The CFE Treaty Review Conference: Strengthening the 'Cornerstone' of European Security
Mendelsohn, Jack, Walkling, Sarah, Arms Control Today
On May 15, the United States and the other 29 states-parties to the 1990 Conventional Armed Forces in Europe (CFE) Treaty will meet in Vienna, Austria, for the accord's first review conference. Ambassador Thomas Graham, Jr., special representative of the president for arms control, non-proliferation and disarmament since 1993, will lead the U.S. delegation.
Ambassador Graham, who served as the senior Arms Control and Disarmament Agency (ACDA) representative and legal adviser to the U.S. CFE delegation in 1989 and 1990, has held a number of top positions at ACDA, including general counsel (1983 to 1994), acting director (January 1993 to November 1993) and acting deputy director (November 1993 to August 1994). He has also served as legal adviser to the U.S. SALT II delegation (1974-1979), senior ACDA representative to the U.S. Intermediate-Range Nuclear Forces negotiations (1981-1982), legal adviser to the U.S. Nuclear and Space Arms delegation (1989-1990), and legal adviser to the U.S. START I delegation (1991) and START II delegation (1992).
Most recently, Ambassador Graham played a key role in U.S. efforts to secure the indefinite extension of the nuclear Non-Proliferation Treaty at the 1995 review and extension conference in New York.
On April 25, Arms Control Association (ACA) Deputy Director Jack Mendelsohn and ACA senior analyst Sarah Walkling interviewed Graham on the impact of the CFE Treaty on European security and the major issues that will be addressed at the May 15-31 review conference. The following is an edited version of his remarks.
Arms Control Today: What role does the CFE Treaty play in the overall security environment in Europe?
Ambassador Thomas Graham, Jr.: I often hear spokesmen for our NATO allies say the Conventional Armed Forces in Europe [CFE] Treaty is the cornerstone of European security. In fact, some have said, "Couldn't we find some other word than cornerstone, we use it so often referring to CFE." But that is the best word because that is what it is. The CFE Treaty is the basis on which security measures in Europe are built. It is one of the main pillars of the security structure now and it is likely to be for the indefinite future. The U.S. certainly hopes that will be the case.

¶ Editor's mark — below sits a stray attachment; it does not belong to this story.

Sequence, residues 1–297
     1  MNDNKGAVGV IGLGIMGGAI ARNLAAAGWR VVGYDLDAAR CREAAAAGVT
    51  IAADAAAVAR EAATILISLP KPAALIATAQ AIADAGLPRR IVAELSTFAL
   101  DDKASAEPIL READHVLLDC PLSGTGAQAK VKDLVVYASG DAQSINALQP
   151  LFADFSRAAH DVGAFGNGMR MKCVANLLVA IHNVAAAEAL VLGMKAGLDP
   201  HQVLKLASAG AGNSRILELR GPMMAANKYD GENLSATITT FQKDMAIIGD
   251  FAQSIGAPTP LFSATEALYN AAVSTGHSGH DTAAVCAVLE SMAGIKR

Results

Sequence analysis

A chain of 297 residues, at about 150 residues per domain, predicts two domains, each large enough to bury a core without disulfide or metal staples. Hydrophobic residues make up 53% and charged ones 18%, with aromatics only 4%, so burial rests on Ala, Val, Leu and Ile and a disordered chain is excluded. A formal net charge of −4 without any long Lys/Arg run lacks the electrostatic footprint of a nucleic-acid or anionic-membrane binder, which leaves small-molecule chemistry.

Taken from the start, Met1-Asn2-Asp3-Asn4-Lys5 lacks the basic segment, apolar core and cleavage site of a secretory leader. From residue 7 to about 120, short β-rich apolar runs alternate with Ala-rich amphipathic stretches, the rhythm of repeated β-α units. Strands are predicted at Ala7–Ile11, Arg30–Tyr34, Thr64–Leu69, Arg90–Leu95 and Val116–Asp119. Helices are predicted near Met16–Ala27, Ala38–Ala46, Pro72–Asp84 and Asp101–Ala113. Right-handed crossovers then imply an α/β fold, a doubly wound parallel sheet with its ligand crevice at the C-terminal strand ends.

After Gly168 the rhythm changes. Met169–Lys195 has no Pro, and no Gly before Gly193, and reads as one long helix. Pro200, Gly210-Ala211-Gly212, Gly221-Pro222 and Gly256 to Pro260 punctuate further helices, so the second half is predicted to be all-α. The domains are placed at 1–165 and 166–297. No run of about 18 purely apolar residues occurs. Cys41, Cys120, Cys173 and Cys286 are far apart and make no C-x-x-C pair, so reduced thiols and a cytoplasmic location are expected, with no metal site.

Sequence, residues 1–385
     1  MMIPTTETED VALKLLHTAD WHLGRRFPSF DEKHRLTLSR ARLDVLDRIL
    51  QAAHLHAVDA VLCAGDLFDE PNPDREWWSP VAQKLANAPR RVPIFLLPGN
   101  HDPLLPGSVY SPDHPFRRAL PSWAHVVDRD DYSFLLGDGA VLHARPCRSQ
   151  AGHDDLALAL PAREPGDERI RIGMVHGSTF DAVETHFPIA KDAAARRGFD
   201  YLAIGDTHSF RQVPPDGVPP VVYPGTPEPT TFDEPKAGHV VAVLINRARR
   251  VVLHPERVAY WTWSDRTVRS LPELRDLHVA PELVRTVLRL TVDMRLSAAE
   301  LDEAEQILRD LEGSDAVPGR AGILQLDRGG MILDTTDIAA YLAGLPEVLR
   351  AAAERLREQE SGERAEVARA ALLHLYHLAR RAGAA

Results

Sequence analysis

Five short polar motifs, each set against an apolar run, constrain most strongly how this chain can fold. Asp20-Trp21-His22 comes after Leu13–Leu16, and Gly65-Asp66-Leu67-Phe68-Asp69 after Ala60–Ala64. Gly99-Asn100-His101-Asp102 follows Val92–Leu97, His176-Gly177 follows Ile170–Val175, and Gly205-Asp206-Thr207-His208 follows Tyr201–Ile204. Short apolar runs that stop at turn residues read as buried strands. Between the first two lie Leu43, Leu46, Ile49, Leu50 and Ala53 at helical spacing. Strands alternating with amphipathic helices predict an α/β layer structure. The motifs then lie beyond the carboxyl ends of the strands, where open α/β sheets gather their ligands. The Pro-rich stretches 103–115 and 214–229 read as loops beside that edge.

The treaty was negotiated right at the end of the Cold War, perhaps the only time it could have been negotiated. Prior to this period, it would have been difficult to negotiate CFE with the Soviet Union. The Mutual and Balanced Force Reductions talks went nowhere for a long period of time. And it would have been very difficult to negotiate the treaty during the tremendous changes that took place after the Cold War ended. So, we were fortunate to negotiate it when we did.
Although the treaty was built on the then-existing security situation in Europe, it contains fundamental rules, fundamental guidelines and a fundamental structure for European security that, we believe, will be appropriate for the indefinite future. CFE is a fragile instrument in the sense that it requires the continuous support of all 30 parties to be viable. I believe all 30 parties care a great deal about the treaty and want to see it prosper and continue to be the cornerstone of European security.
ACT: What happened to the treaty after it was signed?
Graham: The treaty was signed on November 19,1990, but we had a few hurdles to overcome after signature such as the dispute over the status of Soviet naval infantry, the question of Soviet treaty-limited equipment [TLE] moved behind the Ural Mountains before signature, the breakup of the former Soviet Union, the independence of the Baltic states and several other issues. As a result of some of these changes, even though 22 countries signed the treaty, 29 states eventually had to ratify it-30 are now parties to the treaty-largely because of the dissolution of the former Soviet Union.
We were very anxious to bring the treaty into force at the Helsinki meeting of the Conference on Security and Cooperation in Europe in July 1992, in part because we thought it was high time that it be done, in part because this meeting was a very good time to do it, and lastly because it appeared at that time that there was going to be a further breakup of parties; that is, the breakup of Czechoslovakia into two states. …